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Thread: ? Alining print fabric to match at seam?

  1. #1
    Super Member ube quilting's Avatar
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    Jul 2010
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    ? Alining print fabric to match at seam?

    Name:  lisas barn raising  March 2012 004.jpg
Views: 1197
Size:  335.8 KBHere is a call out to everyone. I am trying to piece a backing of floral material so the print matches at the seam. I have the fabric lined up. My question is about adding the seam allowance and having the material still match? If anyone can instruct me or find a tutorial I would be most grateful. I haven't been able to find anything, maybe because I am not using the proper terms. Thanks to all.
    Last edited by ube quilting; 03-24-2012 at 07:16 AM.
    no act of kindness, no matter how small, is ever wasted. Aesop

  2. #2
    Super Member Dolphyngyrl's Avatar
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    Jan 2009
    Southern California
    Is it a big floral really paced apart or a really busy floral. If its really busy i wouldn't bother because you can't really tell especially if its a backing. I have used really busy prints and didn't line them up.

  3. #3
    Senior Member
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    Mar 2010
    Manchester, NH
    What I would do would be to find the exact place on each piece that will match. I'd put a pin in the two pieces at that place and then I'd put the right sides of the fabric together placing the two pins one on top of the other. I'd then pin the two pieces together and open them up to see if they actually match. If not I'd try again. Once I had the two pieces matching perfectly, I'd pin them together all the way down the edge and then cut the seam allowance at whatever distance from the pins I wanted. Then I'd stitch along the line of the pins. I hope I've made this clear.....it's hard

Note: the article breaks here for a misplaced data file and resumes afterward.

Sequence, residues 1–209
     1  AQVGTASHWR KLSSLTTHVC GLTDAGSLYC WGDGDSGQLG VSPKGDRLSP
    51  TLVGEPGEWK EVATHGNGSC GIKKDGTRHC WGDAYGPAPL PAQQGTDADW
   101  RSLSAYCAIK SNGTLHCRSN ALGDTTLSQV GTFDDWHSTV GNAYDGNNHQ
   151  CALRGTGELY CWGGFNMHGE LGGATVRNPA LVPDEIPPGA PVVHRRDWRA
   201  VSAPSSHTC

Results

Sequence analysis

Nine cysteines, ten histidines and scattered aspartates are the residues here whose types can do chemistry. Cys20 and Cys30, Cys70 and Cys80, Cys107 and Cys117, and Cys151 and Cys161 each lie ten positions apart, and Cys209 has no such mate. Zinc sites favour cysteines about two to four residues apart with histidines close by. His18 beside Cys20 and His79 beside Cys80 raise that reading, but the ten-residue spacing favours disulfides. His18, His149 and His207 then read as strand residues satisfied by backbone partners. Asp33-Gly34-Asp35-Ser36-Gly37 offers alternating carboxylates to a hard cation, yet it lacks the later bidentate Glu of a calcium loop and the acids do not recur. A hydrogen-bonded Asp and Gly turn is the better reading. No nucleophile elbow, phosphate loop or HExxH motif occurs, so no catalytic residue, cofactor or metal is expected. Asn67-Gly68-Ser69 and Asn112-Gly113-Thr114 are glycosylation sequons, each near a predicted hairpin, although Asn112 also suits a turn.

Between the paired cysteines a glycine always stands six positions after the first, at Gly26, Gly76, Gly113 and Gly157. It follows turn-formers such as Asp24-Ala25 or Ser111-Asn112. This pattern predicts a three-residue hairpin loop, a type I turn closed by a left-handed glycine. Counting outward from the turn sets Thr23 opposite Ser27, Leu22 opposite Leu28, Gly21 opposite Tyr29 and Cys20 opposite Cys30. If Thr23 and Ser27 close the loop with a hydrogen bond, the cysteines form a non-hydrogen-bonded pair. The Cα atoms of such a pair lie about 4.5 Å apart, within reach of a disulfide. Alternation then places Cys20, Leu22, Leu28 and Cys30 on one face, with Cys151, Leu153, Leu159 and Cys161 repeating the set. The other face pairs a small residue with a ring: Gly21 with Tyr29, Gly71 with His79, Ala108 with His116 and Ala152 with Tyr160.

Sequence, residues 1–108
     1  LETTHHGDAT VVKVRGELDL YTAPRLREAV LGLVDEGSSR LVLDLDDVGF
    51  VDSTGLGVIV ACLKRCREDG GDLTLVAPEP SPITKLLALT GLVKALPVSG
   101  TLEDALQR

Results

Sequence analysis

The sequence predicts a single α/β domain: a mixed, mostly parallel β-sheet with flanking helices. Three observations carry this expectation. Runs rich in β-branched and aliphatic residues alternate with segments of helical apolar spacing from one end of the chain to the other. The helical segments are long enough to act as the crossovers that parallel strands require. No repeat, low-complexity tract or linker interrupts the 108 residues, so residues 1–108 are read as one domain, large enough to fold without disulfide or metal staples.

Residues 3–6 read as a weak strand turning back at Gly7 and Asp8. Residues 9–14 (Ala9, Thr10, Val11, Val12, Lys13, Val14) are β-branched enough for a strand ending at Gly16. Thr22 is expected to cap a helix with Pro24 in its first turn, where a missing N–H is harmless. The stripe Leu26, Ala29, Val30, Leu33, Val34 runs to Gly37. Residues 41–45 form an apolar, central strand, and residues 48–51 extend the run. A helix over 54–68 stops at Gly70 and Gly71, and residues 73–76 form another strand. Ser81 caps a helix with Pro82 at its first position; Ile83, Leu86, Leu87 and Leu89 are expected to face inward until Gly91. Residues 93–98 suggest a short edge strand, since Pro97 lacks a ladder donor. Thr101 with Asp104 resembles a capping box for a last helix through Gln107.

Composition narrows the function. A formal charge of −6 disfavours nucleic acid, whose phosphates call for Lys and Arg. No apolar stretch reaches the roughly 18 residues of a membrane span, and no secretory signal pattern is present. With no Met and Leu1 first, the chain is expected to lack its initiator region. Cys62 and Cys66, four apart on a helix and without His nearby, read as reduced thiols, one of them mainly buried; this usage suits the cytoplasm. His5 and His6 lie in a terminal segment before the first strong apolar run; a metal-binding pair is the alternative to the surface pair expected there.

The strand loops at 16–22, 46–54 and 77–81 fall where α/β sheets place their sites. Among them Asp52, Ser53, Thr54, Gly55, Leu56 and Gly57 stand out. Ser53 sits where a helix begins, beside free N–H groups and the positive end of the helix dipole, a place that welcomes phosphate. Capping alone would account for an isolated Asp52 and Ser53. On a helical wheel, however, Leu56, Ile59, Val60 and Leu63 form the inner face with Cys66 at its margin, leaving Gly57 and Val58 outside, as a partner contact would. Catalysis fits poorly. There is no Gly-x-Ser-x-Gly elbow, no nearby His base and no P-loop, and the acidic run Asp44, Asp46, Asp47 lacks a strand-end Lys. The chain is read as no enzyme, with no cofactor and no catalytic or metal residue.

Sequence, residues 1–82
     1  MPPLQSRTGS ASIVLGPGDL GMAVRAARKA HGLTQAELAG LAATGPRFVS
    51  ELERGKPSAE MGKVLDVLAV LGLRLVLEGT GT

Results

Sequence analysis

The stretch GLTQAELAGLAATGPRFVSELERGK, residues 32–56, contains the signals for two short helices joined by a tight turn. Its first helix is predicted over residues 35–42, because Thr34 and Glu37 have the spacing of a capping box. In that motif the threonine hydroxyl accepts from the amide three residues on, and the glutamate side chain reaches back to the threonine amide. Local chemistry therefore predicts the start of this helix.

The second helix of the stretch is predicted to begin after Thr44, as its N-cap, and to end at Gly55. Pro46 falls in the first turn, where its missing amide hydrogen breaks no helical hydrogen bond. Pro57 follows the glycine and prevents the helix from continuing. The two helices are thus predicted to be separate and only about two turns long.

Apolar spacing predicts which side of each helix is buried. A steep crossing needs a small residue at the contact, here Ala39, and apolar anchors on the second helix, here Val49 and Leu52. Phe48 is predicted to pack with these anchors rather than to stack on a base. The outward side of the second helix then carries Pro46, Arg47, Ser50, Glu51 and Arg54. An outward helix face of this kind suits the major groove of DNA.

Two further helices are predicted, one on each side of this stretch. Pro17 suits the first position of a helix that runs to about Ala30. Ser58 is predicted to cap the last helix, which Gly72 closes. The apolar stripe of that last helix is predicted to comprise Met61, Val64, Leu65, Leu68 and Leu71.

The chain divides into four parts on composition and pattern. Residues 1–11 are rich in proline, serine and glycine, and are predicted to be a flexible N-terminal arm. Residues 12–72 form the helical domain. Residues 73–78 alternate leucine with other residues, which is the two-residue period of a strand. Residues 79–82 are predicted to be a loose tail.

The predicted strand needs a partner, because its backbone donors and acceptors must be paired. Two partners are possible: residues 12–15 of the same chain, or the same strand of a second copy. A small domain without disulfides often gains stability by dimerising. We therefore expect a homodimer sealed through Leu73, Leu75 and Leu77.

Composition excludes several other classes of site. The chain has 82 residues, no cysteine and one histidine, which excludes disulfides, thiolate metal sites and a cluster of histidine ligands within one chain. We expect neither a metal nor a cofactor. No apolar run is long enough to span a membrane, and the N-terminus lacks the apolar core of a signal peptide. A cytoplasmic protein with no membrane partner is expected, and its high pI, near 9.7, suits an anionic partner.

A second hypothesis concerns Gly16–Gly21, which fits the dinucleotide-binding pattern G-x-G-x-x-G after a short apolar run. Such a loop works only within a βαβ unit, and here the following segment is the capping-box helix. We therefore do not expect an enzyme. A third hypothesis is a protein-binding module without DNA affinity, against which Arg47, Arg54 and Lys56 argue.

sometimes to visualize written directions. Personally I like to see pictures of what is being described, and I would include them here if I knew how! :-)

  4. #4
    Super Member grammy Dwynn's Avatar
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    May 2007
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    The first thing that popped into my head (sorry) ~ it is fabric, not wallpaper!

    Some of us are from the old school of 'clothes sewing', that we had to match the patterns/stripes/plaids. But as a 'quilter' I have had to THROW THAT OUT THE WINDOW.

    I agree with Dolphyngyrl ~ I wouldn't bother!
    "I hear and I forget. I see and I remember. I do and I understand." -Confucius


  5. #5
    Power Poster
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    Mar 2011
    Ontario, Canada
    If you have lots of the material, I think you would match it like you would for OBW. Find a feature on the fabric edge that repeats and put a pin in it. Find the same feature on the second fabric edge that matches. Lay them side by side after they are matched and check the design. If it is perfect, draw a chalk line 1/4 inch out from the sewing line. Match up the pieces and sew them. Caution: Some fabrics are not printed perfectly, some fabrics match down the fabric but not left to right. With the fabric you have chosen, I agree with others that sewing it unmatched would probably not be noticeable. Your backing fabric is a very pretty match for your lovely top!

  6. #6
    MTS is offline
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    Nov 2010
    Elmer's Glue.

    I've done this with borders many times - and the end result is always worth the effort.
    I personally find non-matching patterns on borders very distracting.
    My eye always tends to focus right in on it.
    But that's me.

    It's similar to the way I do the corners with multiple mitered borders - especially ones where you want the fabric patterns to match up.

    For borders (and backings, too, if you want) - you didn't mention which it was for.
    (Actually, even if you needed to match smaller pieces for use within the quilt top, this would work as well.)

    Match the two pieces up with an inch or so overlap.
    Then turn one of the matched edges under, making sure it's straight and even across, and then press for a sharp edge.